It’s clear that the target reader for Liane Moriarty’s books is primarily female and, most likely, a parent and married woman. So I’m not sure why I gravitate to her books so much—I am female, but I am neither a parent nor married—but damn if I do love her stuff. When I start one of her books I am pulled in immediately and swept along the entire story. She does a fairly brilliant job of drawing up fun, interesting and complex characters, and keeping the general mystery that drives the plot humming along straight through until the very end (I have yet to “guess” the ending to one of her books, and I’m usually notorious for doing this). I also kind of enjoy that her books have a generally “happy” ending, because damn if the world isn’t a shitfest right now, and sometimes it’s nice to be in a world where everything is alright alright alright.
I’ve previously read Big Little Lies and The Husband’s Secret, and I would rank this below BLL and above THS, although I loved all three. In this story, we begin with Alice, who is waking up after hitting her head at the gym (amnesia trope alert—although I’ll forgive the cliché here). She suddenly believes it’s 1998, although in reality it’s 2008. As Alice tries to cope with her memory loss, she also has to come to terms with the Alice she’s apparently turned into in 2008—and it’s not often a person 1998 Alice can understand or even like. For one, she is apparently getting divorced from her husband, Nick, who 1998 Alice is still madly in love with. She is also apparently a queen bee PTA-leading super mom to three kids—although she doesn’t remember even giving birth to any of them, and 1998 Alice is far too shy and self-conscious to even lead a conversation at a party, let alone organize—as 2008 Alice is apparently doing—an event including dozens of moms to break the record for baking the world’s largest lemon meringue pie. She also now seems to be slightly estranged from her sister, Elizabeth, who is struggling with infertility, despite the fact that they had always been very close.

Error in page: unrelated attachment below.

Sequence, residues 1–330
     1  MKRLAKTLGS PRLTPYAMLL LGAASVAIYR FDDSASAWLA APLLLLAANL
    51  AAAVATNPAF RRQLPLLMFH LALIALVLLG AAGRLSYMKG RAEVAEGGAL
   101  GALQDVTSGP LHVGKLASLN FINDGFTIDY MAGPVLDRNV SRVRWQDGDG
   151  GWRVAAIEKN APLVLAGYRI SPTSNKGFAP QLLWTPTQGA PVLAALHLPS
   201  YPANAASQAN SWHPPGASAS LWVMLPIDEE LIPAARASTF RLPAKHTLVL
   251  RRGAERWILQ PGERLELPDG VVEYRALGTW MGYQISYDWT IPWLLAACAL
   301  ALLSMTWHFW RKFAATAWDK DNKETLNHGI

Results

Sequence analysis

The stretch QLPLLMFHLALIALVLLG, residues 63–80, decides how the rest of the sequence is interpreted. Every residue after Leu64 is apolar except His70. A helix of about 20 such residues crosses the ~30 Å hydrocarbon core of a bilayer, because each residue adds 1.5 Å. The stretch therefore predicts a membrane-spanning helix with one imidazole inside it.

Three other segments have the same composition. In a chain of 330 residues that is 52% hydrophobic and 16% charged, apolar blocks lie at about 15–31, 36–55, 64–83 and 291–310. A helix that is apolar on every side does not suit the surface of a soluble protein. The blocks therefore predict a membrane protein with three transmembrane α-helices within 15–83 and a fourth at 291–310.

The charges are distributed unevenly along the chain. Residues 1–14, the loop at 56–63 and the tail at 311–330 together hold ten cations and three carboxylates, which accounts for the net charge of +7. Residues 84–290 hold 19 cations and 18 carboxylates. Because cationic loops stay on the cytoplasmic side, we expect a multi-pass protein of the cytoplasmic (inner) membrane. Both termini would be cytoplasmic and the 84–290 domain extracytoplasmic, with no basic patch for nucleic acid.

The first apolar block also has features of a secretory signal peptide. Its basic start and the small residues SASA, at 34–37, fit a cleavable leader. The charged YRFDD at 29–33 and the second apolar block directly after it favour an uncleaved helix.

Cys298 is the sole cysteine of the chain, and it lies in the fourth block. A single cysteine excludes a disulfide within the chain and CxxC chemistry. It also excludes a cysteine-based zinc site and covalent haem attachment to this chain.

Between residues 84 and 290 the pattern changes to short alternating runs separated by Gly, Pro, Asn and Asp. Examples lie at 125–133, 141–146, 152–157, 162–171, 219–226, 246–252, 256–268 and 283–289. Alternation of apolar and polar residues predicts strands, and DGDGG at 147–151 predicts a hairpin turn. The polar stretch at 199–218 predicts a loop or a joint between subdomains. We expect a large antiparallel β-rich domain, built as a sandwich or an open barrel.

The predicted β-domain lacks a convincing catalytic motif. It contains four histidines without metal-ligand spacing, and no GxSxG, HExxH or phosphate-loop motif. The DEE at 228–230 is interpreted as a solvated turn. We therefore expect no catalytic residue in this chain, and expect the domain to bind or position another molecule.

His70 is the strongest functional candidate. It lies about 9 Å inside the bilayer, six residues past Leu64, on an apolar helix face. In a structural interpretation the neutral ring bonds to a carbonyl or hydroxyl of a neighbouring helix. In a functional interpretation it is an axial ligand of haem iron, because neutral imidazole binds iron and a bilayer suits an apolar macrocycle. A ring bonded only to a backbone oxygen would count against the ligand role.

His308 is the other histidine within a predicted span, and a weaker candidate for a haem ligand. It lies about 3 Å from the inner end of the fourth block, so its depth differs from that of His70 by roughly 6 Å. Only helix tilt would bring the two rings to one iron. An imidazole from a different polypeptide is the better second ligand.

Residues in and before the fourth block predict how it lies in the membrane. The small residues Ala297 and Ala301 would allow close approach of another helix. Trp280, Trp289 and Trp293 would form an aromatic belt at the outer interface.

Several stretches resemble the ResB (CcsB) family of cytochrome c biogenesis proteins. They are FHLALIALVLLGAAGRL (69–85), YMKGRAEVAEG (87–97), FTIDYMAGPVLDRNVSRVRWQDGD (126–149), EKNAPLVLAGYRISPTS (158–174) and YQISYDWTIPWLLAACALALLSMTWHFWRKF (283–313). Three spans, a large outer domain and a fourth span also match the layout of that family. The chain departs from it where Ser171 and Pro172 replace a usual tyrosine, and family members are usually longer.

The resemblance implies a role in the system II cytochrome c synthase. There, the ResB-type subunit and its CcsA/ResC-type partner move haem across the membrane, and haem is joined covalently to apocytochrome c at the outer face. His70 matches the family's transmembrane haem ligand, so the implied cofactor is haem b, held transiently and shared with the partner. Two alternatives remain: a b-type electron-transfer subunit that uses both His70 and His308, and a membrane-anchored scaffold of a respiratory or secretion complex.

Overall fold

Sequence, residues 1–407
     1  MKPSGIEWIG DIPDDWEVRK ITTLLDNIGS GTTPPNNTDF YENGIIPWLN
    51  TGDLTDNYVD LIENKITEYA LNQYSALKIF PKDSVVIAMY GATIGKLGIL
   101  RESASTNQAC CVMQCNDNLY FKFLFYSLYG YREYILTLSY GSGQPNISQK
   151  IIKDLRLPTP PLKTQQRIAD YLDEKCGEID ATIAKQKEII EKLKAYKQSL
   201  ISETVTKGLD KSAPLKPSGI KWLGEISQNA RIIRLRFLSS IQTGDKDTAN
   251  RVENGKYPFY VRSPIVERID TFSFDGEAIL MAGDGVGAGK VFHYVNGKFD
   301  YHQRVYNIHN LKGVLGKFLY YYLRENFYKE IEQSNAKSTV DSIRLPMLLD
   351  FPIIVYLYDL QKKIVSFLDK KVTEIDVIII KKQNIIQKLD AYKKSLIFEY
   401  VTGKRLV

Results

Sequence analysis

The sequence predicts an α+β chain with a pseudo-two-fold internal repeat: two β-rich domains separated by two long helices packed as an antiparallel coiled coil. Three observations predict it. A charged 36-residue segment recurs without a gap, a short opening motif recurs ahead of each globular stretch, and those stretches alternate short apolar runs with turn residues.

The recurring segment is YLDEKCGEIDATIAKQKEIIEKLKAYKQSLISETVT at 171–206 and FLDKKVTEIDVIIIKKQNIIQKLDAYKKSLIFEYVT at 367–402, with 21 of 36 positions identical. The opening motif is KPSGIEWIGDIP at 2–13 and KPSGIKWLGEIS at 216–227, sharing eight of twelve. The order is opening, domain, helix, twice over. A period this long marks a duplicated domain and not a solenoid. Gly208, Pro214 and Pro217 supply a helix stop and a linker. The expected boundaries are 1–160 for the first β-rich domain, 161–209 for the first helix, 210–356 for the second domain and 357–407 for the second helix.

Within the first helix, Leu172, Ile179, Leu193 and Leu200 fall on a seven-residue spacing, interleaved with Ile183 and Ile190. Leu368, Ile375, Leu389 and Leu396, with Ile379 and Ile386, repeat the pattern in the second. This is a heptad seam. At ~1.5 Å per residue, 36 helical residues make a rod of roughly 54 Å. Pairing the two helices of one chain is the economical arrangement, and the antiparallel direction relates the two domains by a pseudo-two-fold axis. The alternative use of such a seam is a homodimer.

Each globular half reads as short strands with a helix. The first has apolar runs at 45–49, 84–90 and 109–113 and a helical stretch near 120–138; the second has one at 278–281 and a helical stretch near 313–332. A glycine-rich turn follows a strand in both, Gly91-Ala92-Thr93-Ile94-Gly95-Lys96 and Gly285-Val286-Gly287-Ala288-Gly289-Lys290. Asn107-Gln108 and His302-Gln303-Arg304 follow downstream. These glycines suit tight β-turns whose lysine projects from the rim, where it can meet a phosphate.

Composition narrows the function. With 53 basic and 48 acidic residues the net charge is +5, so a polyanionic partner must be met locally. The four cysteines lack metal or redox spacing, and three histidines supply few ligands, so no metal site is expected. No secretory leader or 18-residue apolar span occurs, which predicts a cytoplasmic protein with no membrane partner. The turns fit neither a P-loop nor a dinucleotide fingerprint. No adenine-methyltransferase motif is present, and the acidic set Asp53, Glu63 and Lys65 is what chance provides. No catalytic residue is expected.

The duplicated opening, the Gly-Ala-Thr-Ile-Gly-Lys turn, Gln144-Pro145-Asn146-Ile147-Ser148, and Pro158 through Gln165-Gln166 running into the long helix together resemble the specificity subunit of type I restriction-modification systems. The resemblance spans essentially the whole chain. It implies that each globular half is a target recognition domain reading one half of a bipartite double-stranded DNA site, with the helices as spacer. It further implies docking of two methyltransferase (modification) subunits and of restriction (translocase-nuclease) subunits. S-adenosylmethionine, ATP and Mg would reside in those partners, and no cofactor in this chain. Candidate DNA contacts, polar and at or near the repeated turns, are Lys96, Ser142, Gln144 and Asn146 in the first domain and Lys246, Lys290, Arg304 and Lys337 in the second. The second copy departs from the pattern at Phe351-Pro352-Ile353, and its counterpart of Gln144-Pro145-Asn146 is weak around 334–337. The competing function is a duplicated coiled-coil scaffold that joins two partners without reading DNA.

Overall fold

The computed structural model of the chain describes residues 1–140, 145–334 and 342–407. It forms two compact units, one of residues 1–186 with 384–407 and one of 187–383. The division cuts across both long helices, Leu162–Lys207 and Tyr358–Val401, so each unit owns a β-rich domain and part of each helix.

Most of the book is told from Alice’s perspective, but we also spend some time with Elizabeth, who shares her stories in diary entries she writes as “homework” assigned by her therapist; as well as Alice and Elizabeth’s “grandmother,” Franny, who writes letters to a secret man named Phil. In lesser hands, these side-perspectives (and their requisite side plots) would drag the pacing down or distract from the larger story, but I think it’s part of Moriarty’s gift to create fully fleshed-out side characters whose arcs you care about nearly as much as the main protagonists’.
What I found compelling about this book was considering, for myself, what 2007 Lindzgrl might think about 2017 Lindzgrl, and what a culture shock jumping ahead in time 10 years would be (it’s amusing listening to Alice reference frequent 1998 pop culture). It’s also interesting to consider what the younger, more idealistic, more naive version of yourself would think about the life being lived by someone older, wiser and more jaded. The debate, of course, is which is better, and I think this book does tend to romanticize the concept of innocence a bit too strongly, but it’s still a worthy read.